Dr. Klonoff is the founding editor-in-chief of the Journal of Diabetes Science and Technology, and founder of the Diabetes Technology Meeting, the Digital Diabetes Congress, and the Hospital Diabetes Meeting. As diabetes technology has become ever more connected, Dr. Klonoff has also become involved in advancing security standards for internet-connected medical devices. He is a member of the Healthcare Sector Coordinating Council Joint Cyber Working Group for Medical Devices/Healthcare, and chaired the groups developing the world’s first consensus medical device cybersecurity standards. He is also a clinical professor of medicine at the University of California, San Francisco (UCSF). Dr. Klonoff is a graduate of UC Berkeley, where he was elected to Phi Beta Kappa in his junior year, and UCSF Medical School, where he was elected to Alpha Omega Alpha in his junior year. His postgraduate training included two years at UCLA Hospital and three years at UCSF Hospitals.

 

Environmental Stewardship: A Year-Round Commitment for Sutter Health

Posted on Apr 30, 2019 in Carousel, Scroll Images, Transformation, Uncategorized

SACRAMENTO, Calif.—In just the last few years, Sutter Health’s Environmental Stewardship committees have made major strides toward minimizing waste, increasing energy efficiency, and creating healthier communities for patients and their families.

Sutter Health Chief Medical Officer Stephen Lockhart, M.D., leads Sutter Health’s Environmental Stewardship program. He says protecting the environment is integral to the not-for-profit integrated network of healthcare organization’s mission.

“Our mission is to care for the communities that we are privileged to serve,” Dr. Lockhart says. “But caring comes in many forms. It’s what I refer to as caring for creation, caring for the environment in which we all live, work and raise our families.”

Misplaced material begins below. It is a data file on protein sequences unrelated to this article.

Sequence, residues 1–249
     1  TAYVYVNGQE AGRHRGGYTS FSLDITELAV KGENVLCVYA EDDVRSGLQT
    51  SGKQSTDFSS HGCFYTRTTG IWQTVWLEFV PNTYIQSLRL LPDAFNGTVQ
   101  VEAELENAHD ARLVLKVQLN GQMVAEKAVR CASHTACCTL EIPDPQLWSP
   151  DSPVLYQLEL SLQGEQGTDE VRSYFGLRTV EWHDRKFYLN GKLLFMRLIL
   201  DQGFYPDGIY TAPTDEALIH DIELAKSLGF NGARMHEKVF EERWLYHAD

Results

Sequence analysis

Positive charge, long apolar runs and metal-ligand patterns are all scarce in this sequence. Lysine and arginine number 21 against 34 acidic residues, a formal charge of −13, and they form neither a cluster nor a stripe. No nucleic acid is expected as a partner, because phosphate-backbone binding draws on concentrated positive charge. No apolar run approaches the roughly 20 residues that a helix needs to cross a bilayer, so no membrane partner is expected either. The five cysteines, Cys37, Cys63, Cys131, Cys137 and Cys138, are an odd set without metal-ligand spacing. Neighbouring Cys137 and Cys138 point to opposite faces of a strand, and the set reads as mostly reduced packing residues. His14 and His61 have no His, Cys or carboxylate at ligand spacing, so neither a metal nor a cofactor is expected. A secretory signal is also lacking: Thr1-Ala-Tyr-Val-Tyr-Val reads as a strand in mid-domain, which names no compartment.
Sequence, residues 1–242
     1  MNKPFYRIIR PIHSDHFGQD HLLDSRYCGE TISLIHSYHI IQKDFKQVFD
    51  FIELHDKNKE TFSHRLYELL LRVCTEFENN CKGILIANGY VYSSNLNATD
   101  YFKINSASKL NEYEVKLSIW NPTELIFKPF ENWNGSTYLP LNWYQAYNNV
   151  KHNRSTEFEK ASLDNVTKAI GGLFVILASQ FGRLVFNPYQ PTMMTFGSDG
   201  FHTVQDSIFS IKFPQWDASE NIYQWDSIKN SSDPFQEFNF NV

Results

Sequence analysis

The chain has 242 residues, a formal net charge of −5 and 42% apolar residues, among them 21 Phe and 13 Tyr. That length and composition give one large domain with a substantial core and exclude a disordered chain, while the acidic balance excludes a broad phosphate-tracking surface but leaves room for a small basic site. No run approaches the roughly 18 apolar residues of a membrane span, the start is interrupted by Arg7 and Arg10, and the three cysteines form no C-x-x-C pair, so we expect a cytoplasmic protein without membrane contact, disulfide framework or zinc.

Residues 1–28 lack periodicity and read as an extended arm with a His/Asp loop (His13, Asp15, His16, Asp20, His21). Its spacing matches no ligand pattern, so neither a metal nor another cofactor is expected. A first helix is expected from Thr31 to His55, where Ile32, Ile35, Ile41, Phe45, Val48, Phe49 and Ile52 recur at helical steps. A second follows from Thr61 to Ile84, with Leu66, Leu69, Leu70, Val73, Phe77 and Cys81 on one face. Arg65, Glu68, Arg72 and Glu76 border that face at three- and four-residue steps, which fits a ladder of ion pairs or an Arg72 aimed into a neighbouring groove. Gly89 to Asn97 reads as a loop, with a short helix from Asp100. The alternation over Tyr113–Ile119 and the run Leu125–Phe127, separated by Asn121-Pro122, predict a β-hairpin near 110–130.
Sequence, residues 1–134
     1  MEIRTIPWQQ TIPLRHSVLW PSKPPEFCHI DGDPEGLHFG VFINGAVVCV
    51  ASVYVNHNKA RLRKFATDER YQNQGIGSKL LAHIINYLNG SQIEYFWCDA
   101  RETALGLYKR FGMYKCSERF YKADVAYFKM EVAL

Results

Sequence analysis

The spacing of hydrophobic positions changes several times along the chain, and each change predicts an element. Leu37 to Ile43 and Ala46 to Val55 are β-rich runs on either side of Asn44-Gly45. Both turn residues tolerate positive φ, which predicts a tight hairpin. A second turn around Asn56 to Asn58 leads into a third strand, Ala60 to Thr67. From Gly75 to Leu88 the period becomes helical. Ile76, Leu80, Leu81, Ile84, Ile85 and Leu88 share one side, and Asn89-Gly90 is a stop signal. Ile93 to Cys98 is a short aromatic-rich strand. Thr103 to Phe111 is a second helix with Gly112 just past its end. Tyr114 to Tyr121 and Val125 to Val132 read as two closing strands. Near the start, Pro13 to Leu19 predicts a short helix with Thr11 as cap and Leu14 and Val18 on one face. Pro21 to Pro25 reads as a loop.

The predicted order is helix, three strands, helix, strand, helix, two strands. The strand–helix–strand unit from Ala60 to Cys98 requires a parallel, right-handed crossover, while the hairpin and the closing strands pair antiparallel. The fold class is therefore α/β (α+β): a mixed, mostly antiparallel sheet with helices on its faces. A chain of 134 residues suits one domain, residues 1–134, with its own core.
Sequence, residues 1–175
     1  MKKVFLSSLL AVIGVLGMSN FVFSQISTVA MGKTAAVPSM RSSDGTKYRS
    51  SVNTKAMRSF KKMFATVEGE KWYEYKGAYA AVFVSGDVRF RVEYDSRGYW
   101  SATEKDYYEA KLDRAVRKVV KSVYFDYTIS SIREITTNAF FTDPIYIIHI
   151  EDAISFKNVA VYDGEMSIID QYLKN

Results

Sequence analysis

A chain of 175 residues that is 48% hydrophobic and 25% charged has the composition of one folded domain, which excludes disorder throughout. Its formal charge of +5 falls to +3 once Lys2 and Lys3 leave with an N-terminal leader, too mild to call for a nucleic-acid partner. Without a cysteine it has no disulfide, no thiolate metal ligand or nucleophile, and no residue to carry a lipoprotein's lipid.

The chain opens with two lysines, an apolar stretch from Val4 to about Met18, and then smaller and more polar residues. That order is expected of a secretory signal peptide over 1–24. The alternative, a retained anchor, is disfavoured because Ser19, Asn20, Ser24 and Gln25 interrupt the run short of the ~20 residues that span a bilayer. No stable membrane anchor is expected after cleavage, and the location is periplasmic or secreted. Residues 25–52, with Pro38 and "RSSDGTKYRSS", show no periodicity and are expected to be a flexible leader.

One of many big Environmental Stewardship initiatives underway for 2019 is the Food Committee’s plan to increase the amount of plant-based food offered in Sutter’s hospital cafeterias.

While the production, transportation and disposing of food—most significantly of meat—accounts for a large percentage of greenhouse gas emissions, plant-based diets and diets low in red meat are associated with significantly less environmental harm.

Kim Buss, M.D., Sutter Health Telephonic Disease Management Program medical director and a member of the Food Committee, says plant-based diets have the added bonus of helping prevent and manage multiple conditions, including heart disease and high blood pressure.

“Improving blood pressure saves lives, and one of the most powerful ways we can improve blood pressure is by changing the food we eat,” Dr. Buss says.

Other big Sutter Environmental Stewardship projects underway for 2019 include:

  • measuring the energy performance of Sutter’s existing buildings, setting targets and working to make existing and new facilities more energy efficient
  • increasing the use of reprocessed surgical supplies, and a sterilization wrap recycling program in hospital operating rooms
  • donating thousands of dollars worth of medical equipment to local charities and international NGOs
  • replacing plastic straws and coffee stirrers with compostable alternatives
  • implementing a new purchasing policy that requires consideration of human health and environmental impact in purchasing decisions